"When you set up a statement with the word 'you,' this is placing blame on the other person and creates defensiveness. In addition, this is overgeneralizing, implying the partner never, ever listens. This will create ill feelings and frustration. Better to wait until you get home and can discuss problems calmly and in person."
"Please be on time for lunch today."
OK, so your friend has a habit of showing up late. While that's a bit irritating, responding to rudeness with rudeness is not going to help solve the issue. Ultimately, it's almost always better to address any ongoing issues you have with someone in person in a courteous manner.
"If your friend has a problem being late, then wait until you get together and politely point out that they have a tendency to be late, and that it frustrates you to be kept waiting. The kinder you are, the better your request will be received," says Ross.
"I'm not taking on your work again!"
If a coworker has not been pulling their weight, that's something that should be addressed. However, there is a time and place to address this—and it's not via text.
"If you have been covering for your co-worker, then you need to meet with them face to face and point out that you are no longer willing to do so," says Ross. "If this is going to affect your job or department, then first try to help out your co-worker by finding a solution to help them do their job better. Maybe they have problems at home, or need some additional training. Be understanding, but don't be afraid to set boundaries."
"I'm going to need some time off next week, so I won't be coming in on Thursday and Friday."
Asking a boss for time off via text is not a bad idea. But when you do ask, it's important to frame it as a question rather than stating things as if the boss has no input.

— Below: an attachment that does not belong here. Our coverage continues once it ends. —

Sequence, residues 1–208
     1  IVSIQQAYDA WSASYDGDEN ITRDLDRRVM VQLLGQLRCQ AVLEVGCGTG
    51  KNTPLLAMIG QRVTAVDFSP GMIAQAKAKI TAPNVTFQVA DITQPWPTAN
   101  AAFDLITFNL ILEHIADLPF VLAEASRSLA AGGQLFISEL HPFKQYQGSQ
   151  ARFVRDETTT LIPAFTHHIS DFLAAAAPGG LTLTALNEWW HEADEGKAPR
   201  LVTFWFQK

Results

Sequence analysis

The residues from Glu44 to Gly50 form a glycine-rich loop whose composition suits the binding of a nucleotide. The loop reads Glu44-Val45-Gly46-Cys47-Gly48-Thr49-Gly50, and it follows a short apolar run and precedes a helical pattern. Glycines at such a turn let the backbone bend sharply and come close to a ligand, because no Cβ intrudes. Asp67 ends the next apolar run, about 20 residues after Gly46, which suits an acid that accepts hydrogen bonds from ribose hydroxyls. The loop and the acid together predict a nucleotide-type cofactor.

"No matter how nicely you text this, you aren't giving your boss the option of saying no," says Ross. "Be respectful and ask their permission via email or ask for a meeting. The more polite you are, the more likely you will be to get time off."
"You're not my type."
"'You're not my type' conveys the message that the person is not good enough for you, implying that 'my type' is better than the person on the receiving end," says Goldberg. "It is very rejecting and insulting."
Anything drunk at 2 a.m.
When you've had a few too many drinks, sending a text to your ex might seem like a fun idea. More than likely, though, it's just going to lead to regrets the next morning (or maybe even the moment after you send off the message).
"Most of the time, drunk texts are inappropriate—they might be rude, offensive, threatening, sexual, and many other shades of the 'shame' spectrum," says Parker. "If we do send them by accident, we will have to own the mistake and apologize."
"I know we're broken up, but I really miss you."
Nostalgia for the good times (and amnesia over all the reasons things didn't work out) can sometimes lead to itchy texting fingers. However, you should always avoid messaging your ex, especially if the break-up is recent.
"This is very dangerous because it leaves the door open to reconnection and sets up false hope that the flame will rekindle," warns Goldberg. "Be clear with your boundaries. Exes should avoid contact for at least 30 consecutive days. If you've had contact with your ex, the next day marks the beginning of those 30 days. People need to detach and manage their own emotions so they don't remain emotionally dependent."
"This really makes me mad."
We're all familiar with drunk texting, but have you heard of upset texting? It's just like drunk texting—but instead of alcohol, it's anger that's fueling you to send texts that you'll later regret. As Stigma Fighters CEO Sarah Fader writes, "When you text angry, you might say things that are unnecessarily hurtful when there are other ways to handle situations that are more productive."
"I love you." (for the first time)